A MUM who left so stressed after she was sacked while on maternity leave she was unable to breastfeed her baby has won £40k in a tribunal.
Anastassia Rodin was fired by her employers two months after giving birth and was told to go to the job centre for money, an employment tribunal heard.
The panel heard that the stress from Dhillons Management Services, in Northfleed, Kent, impacted how much milk she could produce to feed her 'constantly crying' newborn daughter, the panel heard.
Now she has successfully sued for pregnancy and maternity discrimination and has been awarded substantial compensation.
The tribunal ruled: "Mrs Rodin had no job during her maternity leave and this had a detrimental and adverse impact upon her health and well-being and this adversely impacted her ability to feed her child, which caused additional distress.”
The hearing in Croydon, South London, was told Mrs Rodin began working as a trainer earning £25,000 a year for the company in May 2016.
They supplied HR services to franchises such as Domino's Pizza and Costa Coffee.
After becoming pregnant in October that year she went on maternity leave in June 2017.
The following month, Dhillons Management Services ceased work and the contracts were taken over by another company, DMS1 Limited.
In September, Mrs Rodin contacted the company as her maternity pay was late, and wastold that her original employers had closed and she would only receive her last two months of statutory maternity pay.
Mrs Rodin was told to go to the job centre for any “future money” but as she was already on maternity leave with Dhillons Management Services, they could not help her.
In September 2017 Mrs Rodin was sacked without notice, but was then approached to be taken back by DMS1 Limited once her maternity leave finished in March 2018.
This meant she would miss out on nine months of maternity pay, and she told the tribunal: "The problem came when I was on maternity leave, they could not transfer me because of the maternity leave. This is discrimination.
"Gurjeet Dhillon said I could work for the new company but I would lose my maternity pay and my benefits. There was no way they wanted to help me."
Mrs Rodin turned down the offer as she “did not trust” the company after how she had been treated.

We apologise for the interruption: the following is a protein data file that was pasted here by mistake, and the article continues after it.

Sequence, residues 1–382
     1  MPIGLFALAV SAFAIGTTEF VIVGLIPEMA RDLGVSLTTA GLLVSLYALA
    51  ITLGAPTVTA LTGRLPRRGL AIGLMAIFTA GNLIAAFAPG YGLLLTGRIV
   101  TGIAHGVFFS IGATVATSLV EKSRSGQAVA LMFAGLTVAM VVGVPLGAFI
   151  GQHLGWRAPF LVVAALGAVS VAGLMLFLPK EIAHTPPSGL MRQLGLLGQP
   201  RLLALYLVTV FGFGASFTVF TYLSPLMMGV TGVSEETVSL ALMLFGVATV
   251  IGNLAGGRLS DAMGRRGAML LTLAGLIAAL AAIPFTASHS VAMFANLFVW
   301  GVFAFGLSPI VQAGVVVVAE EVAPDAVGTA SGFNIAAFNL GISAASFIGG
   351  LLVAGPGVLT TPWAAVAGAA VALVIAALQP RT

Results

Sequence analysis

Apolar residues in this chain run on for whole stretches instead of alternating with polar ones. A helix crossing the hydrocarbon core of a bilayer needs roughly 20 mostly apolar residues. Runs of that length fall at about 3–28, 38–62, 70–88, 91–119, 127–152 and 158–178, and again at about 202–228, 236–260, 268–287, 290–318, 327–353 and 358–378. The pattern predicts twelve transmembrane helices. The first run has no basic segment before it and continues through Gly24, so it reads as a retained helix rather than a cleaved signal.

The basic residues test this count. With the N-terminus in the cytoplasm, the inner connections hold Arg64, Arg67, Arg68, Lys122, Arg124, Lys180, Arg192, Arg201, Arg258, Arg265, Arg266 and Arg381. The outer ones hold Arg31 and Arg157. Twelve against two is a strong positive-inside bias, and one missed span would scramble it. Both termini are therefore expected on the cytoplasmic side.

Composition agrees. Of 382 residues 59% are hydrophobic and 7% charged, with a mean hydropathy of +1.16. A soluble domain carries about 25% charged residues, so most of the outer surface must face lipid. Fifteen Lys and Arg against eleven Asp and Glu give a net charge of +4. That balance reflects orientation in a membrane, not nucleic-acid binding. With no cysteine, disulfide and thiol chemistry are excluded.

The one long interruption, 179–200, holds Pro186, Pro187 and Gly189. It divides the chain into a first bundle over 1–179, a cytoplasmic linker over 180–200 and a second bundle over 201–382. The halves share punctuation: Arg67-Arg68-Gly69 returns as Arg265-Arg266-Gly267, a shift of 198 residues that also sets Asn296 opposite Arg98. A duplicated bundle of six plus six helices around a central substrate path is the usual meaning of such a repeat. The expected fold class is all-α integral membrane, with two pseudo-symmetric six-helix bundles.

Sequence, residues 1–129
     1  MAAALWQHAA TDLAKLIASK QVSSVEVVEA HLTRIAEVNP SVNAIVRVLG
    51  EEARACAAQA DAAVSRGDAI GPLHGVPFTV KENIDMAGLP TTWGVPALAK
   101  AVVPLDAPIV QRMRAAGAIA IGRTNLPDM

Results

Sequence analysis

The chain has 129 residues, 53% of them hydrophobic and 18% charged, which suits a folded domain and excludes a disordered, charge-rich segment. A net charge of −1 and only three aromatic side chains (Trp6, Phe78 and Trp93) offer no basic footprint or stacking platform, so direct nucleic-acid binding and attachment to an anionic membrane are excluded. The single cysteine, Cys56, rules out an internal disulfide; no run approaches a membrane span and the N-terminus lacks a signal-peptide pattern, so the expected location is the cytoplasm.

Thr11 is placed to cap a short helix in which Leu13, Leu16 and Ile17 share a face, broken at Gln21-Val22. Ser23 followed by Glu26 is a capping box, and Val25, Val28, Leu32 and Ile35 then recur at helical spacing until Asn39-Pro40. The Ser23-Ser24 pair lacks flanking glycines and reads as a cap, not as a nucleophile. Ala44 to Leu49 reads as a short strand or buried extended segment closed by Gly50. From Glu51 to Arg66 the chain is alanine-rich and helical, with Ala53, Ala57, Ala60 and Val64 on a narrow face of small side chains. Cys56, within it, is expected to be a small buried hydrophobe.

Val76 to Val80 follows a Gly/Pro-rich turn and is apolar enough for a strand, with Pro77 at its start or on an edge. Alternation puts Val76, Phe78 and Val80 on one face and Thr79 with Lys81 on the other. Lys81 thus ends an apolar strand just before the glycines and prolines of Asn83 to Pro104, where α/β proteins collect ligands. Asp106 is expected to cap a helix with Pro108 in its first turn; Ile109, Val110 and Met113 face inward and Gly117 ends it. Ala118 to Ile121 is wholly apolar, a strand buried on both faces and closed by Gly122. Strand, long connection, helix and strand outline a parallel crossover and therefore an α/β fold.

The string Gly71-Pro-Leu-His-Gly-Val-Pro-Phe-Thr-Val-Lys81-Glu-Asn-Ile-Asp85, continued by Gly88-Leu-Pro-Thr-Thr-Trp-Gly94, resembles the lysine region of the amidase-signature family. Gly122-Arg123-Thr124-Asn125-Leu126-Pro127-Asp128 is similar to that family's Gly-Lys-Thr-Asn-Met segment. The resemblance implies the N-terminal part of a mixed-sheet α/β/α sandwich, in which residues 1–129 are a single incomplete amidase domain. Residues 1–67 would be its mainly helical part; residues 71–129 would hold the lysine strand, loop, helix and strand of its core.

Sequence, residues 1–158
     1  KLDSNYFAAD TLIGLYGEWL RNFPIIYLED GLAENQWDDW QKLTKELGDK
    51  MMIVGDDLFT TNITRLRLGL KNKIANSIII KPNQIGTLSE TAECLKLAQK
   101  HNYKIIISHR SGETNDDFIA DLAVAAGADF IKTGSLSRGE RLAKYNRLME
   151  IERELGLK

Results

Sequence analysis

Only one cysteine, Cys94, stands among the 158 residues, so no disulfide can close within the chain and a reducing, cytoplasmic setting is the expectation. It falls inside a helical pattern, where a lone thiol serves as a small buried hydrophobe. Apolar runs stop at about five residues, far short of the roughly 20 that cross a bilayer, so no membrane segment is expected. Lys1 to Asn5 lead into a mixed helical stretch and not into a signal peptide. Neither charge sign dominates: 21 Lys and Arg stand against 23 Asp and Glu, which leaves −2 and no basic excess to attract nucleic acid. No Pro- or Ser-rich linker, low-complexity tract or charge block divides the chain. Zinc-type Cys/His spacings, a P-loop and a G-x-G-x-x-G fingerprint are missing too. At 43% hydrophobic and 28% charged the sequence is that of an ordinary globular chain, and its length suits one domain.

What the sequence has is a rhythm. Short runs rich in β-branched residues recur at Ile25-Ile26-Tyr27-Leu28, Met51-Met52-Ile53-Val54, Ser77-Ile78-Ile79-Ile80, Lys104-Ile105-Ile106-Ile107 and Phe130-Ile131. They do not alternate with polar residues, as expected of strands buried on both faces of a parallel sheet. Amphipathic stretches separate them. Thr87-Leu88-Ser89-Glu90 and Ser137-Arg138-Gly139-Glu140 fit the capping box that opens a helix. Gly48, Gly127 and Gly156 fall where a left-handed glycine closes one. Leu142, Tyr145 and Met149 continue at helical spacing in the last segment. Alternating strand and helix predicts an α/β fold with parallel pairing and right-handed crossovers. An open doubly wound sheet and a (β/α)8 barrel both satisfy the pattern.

The tribunal heard “it was the worst time of her life as she was not able to enjoy her baby daughter”.
Mrs Rodin told the panel she became depressed, always crying and stressed, with her daughter also crying “constantly” as she did not have enough milk to feed her.
She then sued both companies for unfair dismissal, pregnancy and maternity discrimination and a number of other claims.
Rajbinder Sandhu, director of DMS1, told the tribunal Mrs Rodin had been “sold a dream” by her lawyer and had only gone to therapy for “a big payday”.
The panel, however, ruled in Mrs Rodin's favour after it found she was fired because she was on maternity leave and awarded her £41,191.18.
The tribunal ordered that £12,500 should be given for injury to feelings due to the 'additional level of distress' caused by Ms Sandhu's comments.
It said the companies were “not unsophisticated” and as their role being to advise HR functions, “there was no excuse for not knowing the law”.
It concluded: "Mrs Rodin had no job during her maternity leave and this had a detrimental and adverse impact upon her health and well-being and this adversely impacted her ability to feed her child, which caused additional distress.
"We considered that her evidence reflected a level of distress that was serious.
"We conclude that that distress was worsened by Dhillons Management Services failing to contact Mrs Rodin or to provide her with any means to access the rest of her maternity pay.
"This came at a time where Mrs Rodin was vulnerable and through no fault of her own faced difficult financial circumstances which were outside of her control.
"We therefore conclude that this was unfavourable treatment because of pregnancy to be dismissed whilst on maternity leave and was connected to her pregnancy or to her right to receive maternity pay."
Source: Read Full Article